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Botanical Name :Acacia famesiana Willd.
Species: V. farnesiana
Syn. : Vachellia farnesiana Linn
Common Names: Farnese Wattle, Dead Finish, Mimosa Wattle, Mimosa bush, Prickly Mimosa Bush, Prickly Moses, Needle Bush(It is so named because of the numerous thorns distributed along its branches), North-west Curara, Sheep’s Briar, Sponge Wattle, Sweet Acacia, Thorny Acacia, Thorny Feather Wattle, Wild Briar, Huisache, Cassie, Cascalotte, Cassic, Mealy Wattle, Popinac, Sweet Briar, Texas Huisache, Aroma, (Bahamas) Cashia, (Bahamas, USA) Opoponax, Cashaw, (Belize) Cuntich, (Jamaica) Cassie-flower, Cassie, Iron Wood, Cassie Flower, Honey-ball, Casha Tree, Casha, (Virgin Islands) Cassia, (Fiji) Ellington’s Curse, Cushuh, (St. Maarten).
Habitat:The native range of Needle Bush is uncertain. While the point of origin is Mexico and Central America the species has a pantropical distribution incorporating Northern Australia and Southern Asia. It remains unclear whether the extra-American distribution is primarily natural or anthropogenic.The plant has been recently spread to many new locations as a result of human activity and it is considered a serious weed in Fiji, where locals call it Ellington’s Curse. It thrives in dry, saline or sodic soils. It is also a serious pest plant in parts of Australia, including north-west New South Wales, where it now infests thousands of acres of grazing country.
It is deciduous over part of its range, but evergreen in most locales.The species grows to a height of up to 8 metres (26 ft) and has a life span of about 25–50 years.It is a medium-sized shrub with many spreading branches and basal stems. The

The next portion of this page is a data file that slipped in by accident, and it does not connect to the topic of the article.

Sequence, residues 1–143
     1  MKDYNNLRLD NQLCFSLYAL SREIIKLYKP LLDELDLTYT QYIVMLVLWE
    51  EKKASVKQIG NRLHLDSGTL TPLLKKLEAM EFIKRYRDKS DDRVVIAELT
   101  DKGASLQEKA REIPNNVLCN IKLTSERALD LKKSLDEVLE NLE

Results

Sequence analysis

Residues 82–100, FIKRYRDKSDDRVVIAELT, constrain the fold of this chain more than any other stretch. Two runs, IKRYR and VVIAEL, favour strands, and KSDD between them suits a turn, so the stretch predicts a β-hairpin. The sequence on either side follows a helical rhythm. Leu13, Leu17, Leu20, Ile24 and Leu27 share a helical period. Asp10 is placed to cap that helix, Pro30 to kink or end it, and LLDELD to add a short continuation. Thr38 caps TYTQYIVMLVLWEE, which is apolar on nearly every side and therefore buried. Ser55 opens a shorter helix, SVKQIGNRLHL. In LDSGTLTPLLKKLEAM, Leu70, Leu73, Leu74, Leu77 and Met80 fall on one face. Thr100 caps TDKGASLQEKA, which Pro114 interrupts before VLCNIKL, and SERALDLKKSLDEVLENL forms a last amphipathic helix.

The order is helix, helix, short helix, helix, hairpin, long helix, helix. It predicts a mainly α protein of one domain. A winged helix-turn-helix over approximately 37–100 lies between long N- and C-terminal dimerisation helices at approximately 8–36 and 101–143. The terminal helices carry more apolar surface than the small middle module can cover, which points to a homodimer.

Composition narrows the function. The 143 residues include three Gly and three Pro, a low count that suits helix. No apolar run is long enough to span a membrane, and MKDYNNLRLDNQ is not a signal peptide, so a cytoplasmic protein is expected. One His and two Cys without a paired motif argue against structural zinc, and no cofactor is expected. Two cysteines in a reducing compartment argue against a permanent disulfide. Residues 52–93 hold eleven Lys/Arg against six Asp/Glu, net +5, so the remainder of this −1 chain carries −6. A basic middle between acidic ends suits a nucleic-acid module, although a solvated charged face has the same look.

leaves are alternate, bipinnately compound with two to six pairs of pinnae, each with 10 to 25 pairs of narrow leaflets 3 to 5 mm in length. The slightly zigzag twigs are dark brown with light-colored dots (lenticels) and paired spines 3 to 20 mm in length at the nodes. The older bark is also dark brown and smooth. Its bright yellow or orange flowers, produced over a period of 2 to 4 months, depending on locality, are very fragrant and used in the perfume industry in France and elsewhere.
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Sweet acacia produces small (to 5 mm in length) flowers that have functional male and female parts, borne in compact rounded heads 0.6 to 1.3 cm across. The flowers are very fragrant and are pollinated by bees and other insects. The thick, slightly flattened pods, 4 to 9 cm in length and 0.5 to 1.3 cm broad, are produced in abundance after about 3 years. They mature 4 to 6 months after flowering and contain a number of hard-coated, brown seeds embedded in a pulpy mesocarp.
Prefers a light sandy loam and a very sunny position sheltered from strong winds. Plants can grow well in pure sand. Most species in this genus become chlorotic on limey soils. Established plants are very drought tolerant. The species and its cultivars are reported to exhibit tolerance to drought, high pH, heat, low pH, salt, sand, slope, and Savannah. Plants tolerate a pH range from 5.0 to 8.0. Whilst this species is not very tolerant of cold, being damaged by even a few degrees of frost, the variety A. farnesiana cavenia seems to be more resistant to both drought and frost. Both A. farnesiana and its var. cavenia are extensively cultivated for the essential oil in their flowers in and around Cannes, southern France, which is the centre for production of the perfume. A good bee plant. This species has a symbiotic relationship with certain soil bacteria, these bacteria form nodules on the roots and fix atmospheric nitrogen. Some of this nitrogen is utilized by the growing plant but some can also be used by other plants growing nearby.